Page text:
in which human beings may be placed.
If on the other hand, people will attach
themselves together for life, without due
consideration, led ou only by the humor
of the moment, and pass their days re
gardless of each others desires, and ouly
seeking for the gratification of their own
peculiar whims and caprices—mutually
unbending'and unyielding to the other, it
would be the very height of madness to
suppose that such a connexion should be
productive of aught else but continual dis
pute, war and misery.
Reciprocal, congugal love, is the source
of the purest happiness that earth affords.
It. is a perpetual fountain from whence
flow continual streams of joy to gladden
the heart of the recipient—to give to him
comfort in all hours of affliction—to revive
his drooping spirits, ami inspire him with
new life, as fall the gentle dews of heaven
upon the faded flowers, and revives them
to their prestino fragrance and beauty. It
is the consumation of affection—the happy
minglemcnt of two fond hearts in one.
Their mutual wishes tend toward,* the hap
piness of the other, and they drink from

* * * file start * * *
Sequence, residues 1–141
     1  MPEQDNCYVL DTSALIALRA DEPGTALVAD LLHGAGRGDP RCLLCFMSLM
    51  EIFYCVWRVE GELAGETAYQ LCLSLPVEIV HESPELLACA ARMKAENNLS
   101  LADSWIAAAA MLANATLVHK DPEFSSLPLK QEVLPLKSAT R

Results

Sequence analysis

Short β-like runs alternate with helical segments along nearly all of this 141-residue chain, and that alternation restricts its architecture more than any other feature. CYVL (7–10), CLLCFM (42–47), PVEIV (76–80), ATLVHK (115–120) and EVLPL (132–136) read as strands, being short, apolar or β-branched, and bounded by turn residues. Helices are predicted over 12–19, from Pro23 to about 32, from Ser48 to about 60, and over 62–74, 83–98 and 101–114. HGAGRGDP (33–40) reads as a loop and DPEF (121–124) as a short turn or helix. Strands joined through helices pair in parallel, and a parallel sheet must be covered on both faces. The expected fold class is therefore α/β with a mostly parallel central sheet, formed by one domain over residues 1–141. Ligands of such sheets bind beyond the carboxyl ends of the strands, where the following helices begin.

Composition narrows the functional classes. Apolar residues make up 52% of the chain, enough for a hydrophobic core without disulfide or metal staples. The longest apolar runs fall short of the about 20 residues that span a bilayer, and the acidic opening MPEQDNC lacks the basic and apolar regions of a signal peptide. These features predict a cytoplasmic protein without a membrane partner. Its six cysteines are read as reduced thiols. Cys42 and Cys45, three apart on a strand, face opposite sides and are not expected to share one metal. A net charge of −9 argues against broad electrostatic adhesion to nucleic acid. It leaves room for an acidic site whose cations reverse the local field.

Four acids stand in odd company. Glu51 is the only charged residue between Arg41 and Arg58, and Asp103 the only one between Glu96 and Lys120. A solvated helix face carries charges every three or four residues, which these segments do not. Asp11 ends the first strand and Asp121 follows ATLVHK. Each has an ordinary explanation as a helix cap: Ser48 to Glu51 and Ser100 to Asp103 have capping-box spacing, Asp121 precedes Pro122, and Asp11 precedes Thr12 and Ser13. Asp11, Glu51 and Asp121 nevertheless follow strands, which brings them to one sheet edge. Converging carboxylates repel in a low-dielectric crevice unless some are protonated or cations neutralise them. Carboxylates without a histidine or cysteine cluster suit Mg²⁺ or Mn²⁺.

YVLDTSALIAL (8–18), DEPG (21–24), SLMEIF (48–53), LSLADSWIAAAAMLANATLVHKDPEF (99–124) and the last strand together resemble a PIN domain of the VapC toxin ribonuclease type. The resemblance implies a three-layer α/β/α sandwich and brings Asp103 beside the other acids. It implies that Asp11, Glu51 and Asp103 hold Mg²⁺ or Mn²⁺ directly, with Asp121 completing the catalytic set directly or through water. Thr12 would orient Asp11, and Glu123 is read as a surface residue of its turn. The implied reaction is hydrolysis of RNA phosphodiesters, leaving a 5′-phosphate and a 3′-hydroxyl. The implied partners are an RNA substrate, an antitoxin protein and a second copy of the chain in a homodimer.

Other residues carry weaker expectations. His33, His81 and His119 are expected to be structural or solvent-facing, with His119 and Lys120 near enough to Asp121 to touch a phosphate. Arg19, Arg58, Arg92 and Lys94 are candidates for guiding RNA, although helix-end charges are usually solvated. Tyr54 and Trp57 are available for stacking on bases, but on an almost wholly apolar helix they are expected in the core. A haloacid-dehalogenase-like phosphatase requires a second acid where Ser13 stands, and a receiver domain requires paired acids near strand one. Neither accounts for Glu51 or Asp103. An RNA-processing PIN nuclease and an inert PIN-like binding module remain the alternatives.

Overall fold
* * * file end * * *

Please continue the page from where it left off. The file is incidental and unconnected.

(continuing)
the same cup, whether its contents are the
sweet waters of gladness or the gall of bit
terness. The sorrows that rend one heart
reach the other, and the throb of joy that
vibrates in one breast thrills in the other.
With them there is no reserve. All their
actions arc guided by mutual sincerity,
and they therefore have never to complain
of deceit. Such a connexion is, and ever
productive of the purest emotion
of pleasure, that the human heart is sus
ceptible of, and will raise the virtuous and
contented to a height of happiness, that
those who plod on in the dreary, solitary
path of celibacy, can never reach.
To the above may be added, that I he
Author of our being has said : "It is not
good for man to live alone," and who
shall gainsay his word ? Did he not in
stitute marriage, and did he not know
what was best for the creature he had
made ? ITow idle then is all the twaddle
about celibacy. It may do to joke over,
and laugh at ; hut, all things considered,
it cannot be denied that marriage is the
happiest state of man. It is not always
so, because* men do not enter into the
marriage relation properly. Rut this is
their own fault. Of one thing let all he
well assuied, and that is—there is no true
happiness where love is not, though all
things else conspire !,o make a union de
sirable. It must not be overlooked, how
ever, that only the most fervent love can
survive the trials and cares of life in the
midst of abject poverty. Love is esset t
tial , but something to feed it on and clothe
it, withall, is desirable.— Ed. Transcript.
Fattening Hogs.— -After bogs have
been put up for fattening, and during the
first week of the fattening process, cooked